Barry Diller-backed Aereo has conducted partnership talks with major pay-TV distributors and ISPs, with AT&T and Dish Network among the list of potential suitors.
According to a story by The Wall Street Journal, Aereo is looking to lock up partnerships with cable, satellite or telco companies as one way of moving its Web-based streaming service in front of more potential customers. Any potential partner with Aereo will have to take into consideration a lawsuit by broadcasters that contend that streaming local TV broadcast signals via antennas violates copyright laws.
Should Aereo prove victorious in its legal battles, it could emerge as a threat to cable operators that have already seen their basic video subscribers decline over the past few years. Aereo’s service could be more appealing to subscribers that don’t want to pay for a full lineup from a cable operator. Instead, viewers could pick and choose videos from Aereo’s cloud-based service.
According to the Journal’s sources, AT&T could pitch its broadband or wireless services with Aero’s video offering. Dish Network chairman Charlie Ergen denied that his company planned on buying Aero during a February earnings call, but said he admired the company as a technology “disruptor.”
Ergen pointed out on the earnings call that any deal with Aereo could prove disruptive to his company’s retransmission agreements with some of the same broadcasters that filed suit against Aereo, and that broadcasters could mimic Aereo’s approach if it does win its legal battle.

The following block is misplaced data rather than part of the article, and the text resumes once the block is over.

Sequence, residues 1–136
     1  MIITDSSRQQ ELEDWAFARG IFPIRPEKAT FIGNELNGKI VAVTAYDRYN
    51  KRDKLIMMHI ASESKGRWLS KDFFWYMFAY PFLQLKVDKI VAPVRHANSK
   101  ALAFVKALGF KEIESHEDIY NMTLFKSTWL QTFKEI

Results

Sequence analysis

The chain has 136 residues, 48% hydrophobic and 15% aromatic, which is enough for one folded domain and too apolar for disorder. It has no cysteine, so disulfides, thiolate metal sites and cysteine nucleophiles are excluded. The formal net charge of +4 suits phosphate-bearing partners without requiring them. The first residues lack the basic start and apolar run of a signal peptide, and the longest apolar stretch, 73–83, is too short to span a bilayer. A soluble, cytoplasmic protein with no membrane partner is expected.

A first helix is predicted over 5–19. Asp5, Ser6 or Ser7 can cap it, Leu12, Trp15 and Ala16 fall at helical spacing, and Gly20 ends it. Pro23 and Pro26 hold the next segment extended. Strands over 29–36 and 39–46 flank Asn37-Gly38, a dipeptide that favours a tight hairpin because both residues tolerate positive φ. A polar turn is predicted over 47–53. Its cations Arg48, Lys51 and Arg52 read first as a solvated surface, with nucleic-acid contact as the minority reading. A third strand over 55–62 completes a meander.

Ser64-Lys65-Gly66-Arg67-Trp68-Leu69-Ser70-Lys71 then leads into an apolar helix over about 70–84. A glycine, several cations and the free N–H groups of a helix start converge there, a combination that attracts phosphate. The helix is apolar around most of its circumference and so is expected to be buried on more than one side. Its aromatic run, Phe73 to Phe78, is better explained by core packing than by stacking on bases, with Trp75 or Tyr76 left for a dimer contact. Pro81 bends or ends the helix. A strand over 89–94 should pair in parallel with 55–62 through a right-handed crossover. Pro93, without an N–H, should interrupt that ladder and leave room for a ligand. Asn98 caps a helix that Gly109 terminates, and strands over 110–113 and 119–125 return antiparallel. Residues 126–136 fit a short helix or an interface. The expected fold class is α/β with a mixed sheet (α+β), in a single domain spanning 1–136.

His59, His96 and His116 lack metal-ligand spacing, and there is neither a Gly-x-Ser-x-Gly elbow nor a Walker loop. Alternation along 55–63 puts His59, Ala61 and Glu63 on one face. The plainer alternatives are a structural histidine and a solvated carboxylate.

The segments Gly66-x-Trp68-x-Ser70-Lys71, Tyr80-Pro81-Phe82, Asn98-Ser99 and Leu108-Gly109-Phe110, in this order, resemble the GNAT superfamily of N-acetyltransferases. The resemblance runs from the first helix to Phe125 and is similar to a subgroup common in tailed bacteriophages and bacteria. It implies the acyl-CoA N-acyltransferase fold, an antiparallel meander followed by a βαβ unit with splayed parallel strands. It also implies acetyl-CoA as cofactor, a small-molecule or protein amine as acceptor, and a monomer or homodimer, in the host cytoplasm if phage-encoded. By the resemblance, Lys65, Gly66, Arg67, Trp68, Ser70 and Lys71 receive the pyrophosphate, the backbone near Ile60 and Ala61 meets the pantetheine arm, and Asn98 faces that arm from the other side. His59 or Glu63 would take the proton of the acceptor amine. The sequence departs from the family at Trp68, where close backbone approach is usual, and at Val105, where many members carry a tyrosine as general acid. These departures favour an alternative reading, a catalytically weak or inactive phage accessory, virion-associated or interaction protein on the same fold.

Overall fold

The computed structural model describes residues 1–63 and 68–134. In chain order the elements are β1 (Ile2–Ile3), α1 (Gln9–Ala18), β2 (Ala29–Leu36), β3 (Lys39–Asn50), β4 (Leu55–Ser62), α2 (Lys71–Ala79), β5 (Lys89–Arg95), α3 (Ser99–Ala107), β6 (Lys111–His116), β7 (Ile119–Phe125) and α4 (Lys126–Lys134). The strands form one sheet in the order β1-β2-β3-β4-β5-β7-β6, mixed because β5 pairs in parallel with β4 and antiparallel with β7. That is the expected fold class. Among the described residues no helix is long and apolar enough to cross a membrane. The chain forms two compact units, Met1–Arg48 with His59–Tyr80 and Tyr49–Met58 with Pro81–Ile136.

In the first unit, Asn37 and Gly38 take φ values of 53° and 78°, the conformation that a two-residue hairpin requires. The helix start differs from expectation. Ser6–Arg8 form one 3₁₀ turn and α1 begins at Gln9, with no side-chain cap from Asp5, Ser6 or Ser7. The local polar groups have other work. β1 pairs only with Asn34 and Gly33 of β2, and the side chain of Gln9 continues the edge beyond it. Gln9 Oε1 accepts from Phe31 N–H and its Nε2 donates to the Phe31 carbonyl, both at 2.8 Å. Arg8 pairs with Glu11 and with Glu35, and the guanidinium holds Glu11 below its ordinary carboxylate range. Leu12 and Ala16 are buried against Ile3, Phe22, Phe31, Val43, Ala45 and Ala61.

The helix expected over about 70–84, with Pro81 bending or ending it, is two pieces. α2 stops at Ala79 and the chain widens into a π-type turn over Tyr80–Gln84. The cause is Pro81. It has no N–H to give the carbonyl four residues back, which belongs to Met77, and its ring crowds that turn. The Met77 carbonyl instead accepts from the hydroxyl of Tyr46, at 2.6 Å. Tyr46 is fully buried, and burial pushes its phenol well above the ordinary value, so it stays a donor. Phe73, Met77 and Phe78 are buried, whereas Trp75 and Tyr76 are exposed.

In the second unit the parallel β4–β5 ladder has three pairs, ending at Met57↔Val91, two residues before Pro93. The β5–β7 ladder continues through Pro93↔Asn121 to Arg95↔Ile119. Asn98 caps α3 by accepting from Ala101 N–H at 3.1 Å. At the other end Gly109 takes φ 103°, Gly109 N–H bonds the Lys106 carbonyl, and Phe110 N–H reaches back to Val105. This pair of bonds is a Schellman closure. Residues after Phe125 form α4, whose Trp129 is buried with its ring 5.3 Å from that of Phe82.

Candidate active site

Should TV distributors decided to partner with Aereo, they could cut the cost of their retransmission fees.
A spokeswoman for Aereo declined to comment on the partnership talks.
Aereo launched its streaming service last year in New York City and was promptly sued by major broadcast networks, including News Corp., Disney and NBCUniversal, for copyright infringement.
Aereo won the initial round of its legal battle last year, but the broadcasters have appealed.
Aereo uses small antennas to give its subscribers access to over-the-air signals. It also employs a network DVR technology that lets users pause, rewind and fast-forward live or recorded programs on a home DVR.
Aereo lets customers capture over-the-air broadcasts from 29 local channels for viewing on devices, with subscriptions starting at $8 a month. Aereo is currently supported on iPad, iPhone, Chrome, Internet Explorer 9, Firefox, Safari, Opera, Apple TV and Roku.
In January, Aereo said it planned on expanding its service to 22  more cities across the nation this year.
In February, Aero announced that its service was available to the more than 19 million people living in the New York City metropolitan area. The New York City metropolitan region, commonly referred to as a designated market area (DMA), includes 29 counties across New York, New Jersey, Connecticut and Pennsylvania. Previously, Aereo was only available to residents of New York City’s five boroughs.
Barry Diller-backed Aereo has conducted partnership talks with major pay-TV distributors and ISPs, with AT&T and Dish Network among the list of potential suitors. According to a story by The Wall Street Journal, Aereo is looking to lock up partnerships with cable, satellite or telco companies as one way of moving its Web-based streaming service in front of more potential customers.